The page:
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Explained: 5 ways the new sanctions are playing out in Russia

The Russian ruble tanked 30 per cent versus the dollar in offshore trading on Monday morning, trading as low as 117.8170 to a US dollar based on data compiled by Bloomberg, as against around 76 to a dollar on February 22.

Written by Anil Sasi | New Delhi |
Updated: March 1, 2022 1:10:35 pm
The Russian ruble tanked over a looming fear of a run on its banks. (Photo: AP)

As markets opened Monday, the impact of the sanctions package announced by the western nations triggered mayhem in the Russian financial and the global commodities’ markets.

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There are five areas where impact was clearly visible: A sharp tanking of the Russian ruble, a looming fear of a run on its banks, a panic reaction by the Russian central bank to suspend the execution of all orders by foreigners to sell securities indefinitely starting February 28 morning, a looming shortage of most consumer goods that Moscow sources from the West, and a worsening of terms of trade on future imports. Also, the global commodity markets are seeing an upsurge, with crude, gas and metals spiking.

Currency impact

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The Russian ruble tanked 30 per cent versus the dollar in offshore trading on Monday morning, trading as low as 117.8170 to a US dollar based on data compiled by Bloomberg, as against around 76 to a dollar on February 22.

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Suspension of sell orders of Russian securities

Reacting to the plans announced by the US and European Union nations to sanction Moscow’s central bank and cut off some financial institutions from the SWIFT messaging system, Russia’s central bank Monday ordered professional stock market participants “to suspend the execution of all orders by foreign legal entities and individuals” to sell Russian securities from February 28 morning, Reuters reported quoting an internal document.

The document was published by ACI Russia, a leading trade association representing the interests of the wholesale financial markets community.  The order stated that the measures were being taken by the regulator “in connection with the current crisis in the financial market and in order to ensure the protection of the rights and legitimate interests of investors in financial markets”. It added that the decision was valid from 7 a m (04:00 GMT) on February 28 until the “cancellation of this order”.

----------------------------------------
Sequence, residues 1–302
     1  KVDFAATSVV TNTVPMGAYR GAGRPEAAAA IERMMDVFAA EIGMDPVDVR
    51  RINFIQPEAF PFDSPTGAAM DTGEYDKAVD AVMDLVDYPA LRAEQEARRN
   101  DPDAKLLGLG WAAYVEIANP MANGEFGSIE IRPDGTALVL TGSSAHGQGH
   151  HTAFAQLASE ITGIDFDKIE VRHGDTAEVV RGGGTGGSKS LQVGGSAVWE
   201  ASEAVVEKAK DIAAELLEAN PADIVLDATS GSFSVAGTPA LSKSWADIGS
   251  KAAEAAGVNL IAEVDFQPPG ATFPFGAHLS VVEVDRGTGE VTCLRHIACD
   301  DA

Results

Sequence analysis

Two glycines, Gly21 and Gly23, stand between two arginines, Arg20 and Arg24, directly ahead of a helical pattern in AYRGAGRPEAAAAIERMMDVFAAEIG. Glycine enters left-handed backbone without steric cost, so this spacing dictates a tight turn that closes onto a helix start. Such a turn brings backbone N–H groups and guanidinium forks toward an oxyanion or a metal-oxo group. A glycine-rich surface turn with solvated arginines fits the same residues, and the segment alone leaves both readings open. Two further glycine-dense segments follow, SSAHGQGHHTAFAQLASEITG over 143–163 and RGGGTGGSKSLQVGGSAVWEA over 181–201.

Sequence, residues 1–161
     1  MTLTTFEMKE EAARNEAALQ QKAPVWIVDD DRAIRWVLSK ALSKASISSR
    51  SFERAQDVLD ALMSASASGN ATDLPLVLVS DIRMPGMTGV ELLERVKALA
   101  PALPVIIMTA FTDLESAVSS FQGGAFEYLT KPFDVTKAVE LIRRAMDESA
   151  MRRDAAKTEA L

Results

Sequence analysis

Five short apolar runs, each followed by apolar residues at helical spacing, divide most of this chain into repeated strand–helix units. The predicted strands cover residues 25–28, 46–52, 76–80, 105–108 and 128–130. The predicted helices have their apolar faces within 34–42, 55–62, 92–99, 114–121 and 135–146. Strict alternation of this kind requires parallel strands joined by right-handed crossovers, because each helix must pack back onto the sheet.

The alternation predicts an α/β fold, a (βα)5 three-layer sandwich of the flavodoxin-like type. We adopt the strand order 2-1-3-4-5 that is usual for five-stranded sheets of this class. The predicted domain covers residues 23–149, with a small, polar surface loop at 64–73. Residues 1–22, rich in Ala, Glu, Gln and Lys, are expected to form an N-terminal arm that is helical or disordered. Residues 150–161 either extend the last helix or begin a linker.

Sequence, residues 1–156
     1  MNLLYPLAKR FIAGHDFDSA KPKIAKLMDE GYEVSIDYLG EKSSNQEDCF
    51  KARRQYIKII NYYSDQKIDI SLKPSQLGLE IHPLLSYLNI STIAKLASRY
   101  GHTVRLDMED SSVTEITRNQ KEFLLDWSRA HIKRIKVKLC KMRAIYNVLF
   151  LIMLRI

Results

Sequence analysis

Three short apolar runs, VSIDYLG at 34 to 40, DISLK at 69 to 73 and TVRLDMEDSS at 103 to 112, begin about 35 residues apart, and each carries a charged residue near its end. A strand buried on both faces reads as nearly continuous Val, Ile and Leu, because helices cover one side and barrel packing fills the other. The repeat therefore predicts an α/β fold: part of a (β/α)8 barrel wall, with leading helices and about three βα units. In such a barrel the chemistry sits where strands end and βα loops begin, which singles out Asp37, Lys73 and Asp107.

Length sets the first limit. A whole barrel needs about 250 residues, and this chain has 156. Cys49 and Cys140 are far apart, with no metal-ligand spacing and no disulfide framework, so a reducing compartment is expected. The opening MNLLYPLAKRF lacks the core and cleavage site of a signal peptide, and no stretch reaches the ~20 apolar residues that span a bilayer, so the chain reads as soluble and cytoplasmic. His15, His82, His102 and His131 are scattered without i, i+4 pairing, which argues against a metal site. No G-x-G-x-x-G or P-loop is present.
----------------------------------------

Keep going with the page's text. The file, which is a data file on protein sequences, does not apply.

Consumer goods shortage

The impact of some of these measures would clearly end hurting middle class Russians, given that the country remains highly dependent on the West for many of its consumer goods. It is these goods that are stocked in Russian supermarkets and had catalysed the consumption boom in the economy over the last 6-odd years. This collapse of the ruble will impact the Russian living standards further, while having a deleterious effect on Moscow’s “terms of trade” with its partners.

Bank run

Russia’s central bank had, late Sunday night, issued an appeal for calm amid fears that new financial sanctions could spark a run on its banks, claiming it “has the necessary resources and tools to maintain financial stability and ensure the operational continuity of the sector”.

The US, EU, United Kingdom and Canada had announced that the assets of Russia’s central bank will be frozen, which would make it difficult for it from selling them overseas to support its own banks and companies. Also, some Russian banks are to be excluded from the SWIFT payment network.

On Friday, Russia’s central bank was forced to increase the amount of money it supplies to ATMs after demand for cash reached the highest level since March 2020, the BBC reported. Reports showed long queues in cities like Moscow and St Petersburg, with people waiting to withdraw their ruble deposits amidst fears of a further tanking of the currency. The rush, combined with the lack of headroom for the central bank, accentuates the possibility of bank runs.

Oil surge

Brent crude surged past $104 a barrel in the wake of the fresh sanctions on Russia, one of the top global producers of oil, gas, metals and agricultural products. Futures in London jumped as much as 6.5 per cent in early Asian trade on Monday, Bloomberg reported.

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